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Shoppers start to return in-store, but footfall still below pre-pandemic levels as office staff remain at home

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Shoppers are starting to return to UK retail locations including Oxford Street. Image: Shutterstock
Shoppers are starting to return to UK retail locations including Oxford Street. Image: Shutterstock
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Shoppers start to return in-store, but footfall still below pre-pandemic levels as office staff remain at home

Two weeks into store re-openings, are shoppers still keen to buy in-store? The latest footfall figures suggest that more people continue to visit shops than did when stores reopened from the first lockdown, back in June. But store visits have not yet recovered to their pre-pandemic level, according to figures from both business intelligence specialist Springboard and the London retailer association the New West End Company. That’s likely to be because of the continued shift to home working.

 

Fewer people visited retail destinations across the UK last week than did in the previous week. Footfall was down by 3.4% over the full week, possibly thanks to a huge uplift on Sunday since stores were not open on the previous Sunday.

 

Over Monday to Friday alone, footfall was down by 10.7% – likely because more people worked from home than from their offices. And on Saturday alone, footfall was 0.9% higher than in the previous week. That, says Springboard, is the first evidence of a home working effect on retail footfall. It’s also worth noting that the first week of reopening was the last week of the Easter school holidays. The effect is noticeable across different destinations, with Monday to Friday footfall lower in shopping centres (-17.8% on the previous week) than in high streets (-8.6%).

 

Footfall remains down on pre-pandemic levels: 19.9% fewer people visited UK retail destinations last week than in the same week in 2019. Again, the fall is most noticeable Monday to Friday (-24.3%), returning to -19.9% at the weekend. But all the figures represent an improvement on the level at the end of August 2020 (-25% on 2019). In retail parks, last week’s footfall was 2% higher than in 2019.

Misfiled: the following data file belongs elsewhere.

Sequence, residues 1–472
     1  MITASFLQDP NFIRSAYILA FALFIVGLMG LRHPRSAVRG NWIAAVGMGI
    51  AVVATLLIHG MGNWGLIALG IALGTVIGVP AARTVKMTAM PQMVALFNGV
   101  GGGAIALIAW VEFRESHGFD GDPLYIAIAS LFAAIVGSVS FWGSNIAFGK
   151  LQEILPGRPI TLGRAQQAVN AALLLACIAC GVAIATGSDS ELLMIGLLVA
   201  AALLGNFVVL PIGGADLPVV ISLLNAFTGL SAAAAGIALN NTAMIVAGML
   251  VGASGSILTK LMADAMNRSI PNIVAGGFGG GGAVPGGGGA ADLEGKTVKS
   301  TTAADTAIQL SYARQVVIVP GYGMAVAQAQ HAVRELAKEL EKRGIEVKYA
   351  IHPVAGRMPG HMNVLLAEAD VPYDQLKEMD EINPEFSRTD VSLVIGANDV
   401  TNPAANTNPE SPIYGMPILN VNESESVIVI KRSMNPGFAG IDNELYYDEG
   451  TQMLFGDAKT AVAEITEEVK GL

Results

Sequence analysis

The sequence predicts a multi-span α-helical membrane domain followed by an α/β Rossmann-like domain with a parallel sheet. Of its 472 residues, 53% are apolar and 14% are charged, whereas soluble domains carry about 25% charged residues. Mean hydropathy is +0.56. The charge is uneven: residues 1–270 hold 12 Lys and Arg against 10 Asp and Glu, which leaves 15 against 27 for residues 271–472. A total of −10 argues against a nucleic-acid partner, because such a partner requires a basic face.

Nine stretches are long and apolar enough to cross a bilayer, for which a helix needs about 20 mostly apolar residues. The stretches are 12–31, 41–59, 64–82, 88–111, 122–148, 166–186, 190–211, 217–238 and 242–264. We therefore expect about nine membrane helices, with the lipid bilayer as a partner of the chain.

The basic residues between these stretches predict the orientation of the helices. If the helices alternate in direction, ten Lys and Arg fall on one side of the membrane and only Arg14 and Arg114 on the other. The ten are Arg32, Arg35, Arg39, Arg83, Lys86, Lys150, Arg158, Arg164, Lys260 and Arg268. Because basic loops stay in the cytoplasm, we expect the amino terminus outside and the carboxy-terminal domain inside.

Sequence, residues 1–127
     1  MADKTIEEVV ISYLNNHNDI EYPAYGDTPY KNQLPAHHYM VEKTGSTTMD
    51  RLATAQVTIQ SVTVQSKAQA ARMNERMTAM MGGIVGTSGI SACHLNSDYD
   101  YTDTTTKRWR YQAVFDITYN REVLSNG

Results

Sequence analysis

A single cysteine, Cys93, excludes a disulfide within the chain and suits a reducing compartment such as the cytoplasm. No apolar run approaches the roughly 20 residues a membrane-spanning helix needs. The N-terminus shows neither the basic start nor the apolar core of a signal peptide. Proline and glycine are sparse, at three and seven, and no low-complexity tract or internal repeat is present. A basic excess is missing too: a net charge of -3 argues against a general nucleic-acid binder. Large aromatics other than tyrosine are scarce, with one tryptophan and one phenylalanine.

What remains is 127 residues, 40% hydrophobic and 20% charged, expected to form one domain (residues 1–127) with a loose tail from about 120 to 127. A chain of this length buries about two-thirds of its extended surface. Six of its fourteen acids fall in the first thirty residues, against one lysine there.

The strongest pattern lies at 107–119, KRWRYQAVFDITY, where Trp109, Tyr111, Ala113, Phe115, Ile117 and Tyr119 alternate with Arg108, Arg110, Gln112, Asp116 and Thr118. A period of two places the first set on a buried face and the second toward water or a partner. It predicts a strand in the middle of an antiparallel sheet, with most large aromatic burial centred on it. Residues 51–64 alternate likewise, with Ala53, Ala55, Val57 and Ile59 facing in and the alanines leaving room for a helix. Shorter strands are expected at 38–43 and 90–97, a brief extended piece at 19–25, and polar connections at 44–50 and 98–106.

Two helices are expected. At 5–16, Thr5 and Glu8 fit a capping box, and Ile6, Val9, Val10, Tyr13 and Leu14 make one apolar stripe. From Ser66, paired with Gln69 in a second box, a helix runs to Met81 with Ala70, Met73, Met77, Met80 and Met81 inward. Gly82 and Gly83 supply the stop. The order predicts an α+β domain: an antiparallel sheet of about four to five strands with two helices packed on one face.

Diane Wehrle, insights director at Springboard, says: “The positive news for bricks and mortar retail continues, as the gap in footfall last week from the same week in 2019 continued to narrow, with the week ending at a higher level than at the previous peak at the end of August 2020.
However, momentum in the recovery of retail slowed slightly last week, with footfall across UK retail destinations dipping slightly from the previous week when non-essential stores reopened. The tremendous opening week for retail was undoubtedly helped by the fact that it was the last week of the school Easter break for many children, which meant some parents took leave from work to visit stores and retail destinations as a family.


"It is therefore not surprising that footfall dipped last week from the week before, as children went back at school and many people continue to work from home making stores less accessible over the working week; evidenced by the fact that the drop in footfall occurred between Monday and Friday, while on Saturday it continued to rise.”

 

The New West End Company, which represents 600 businesses in London’s West End – from Oxford Street to Mayfair – says that footfall has been running well ahead of the football seen on reopening in June 2020. It says that last Saturday footfall was at 57% of the usual number of visitors for April – representing a recovery from previous levels.

 

New West End Company chief executive Jace Tyrrell says: “With the continuation of the warm weather heading into the weekend, we were delighted to see Londoners making the most of the sunshine and heading back to the West End to refresh their spring wardrobes and enjoy time with friends and family in outdoor spaces.

 

“We’re encouraged by the sustained levels of footfall that we’ve seen in the district, already tracking well ahead of the first reopening in June 2020. However, it is imperative that businesses continue to be supported in the right ways to help them recover.

 

"We desperately need an extension of Sunday trading hours in Britain’s two international centres - London’s West End and Knightsbridge. These returning shoppers are looking for flexibility - we’re seeing high levels of footfall in the district in the evenings, highlighting the public’s desire to shop, dine and enjoy the West End at their convenience.”

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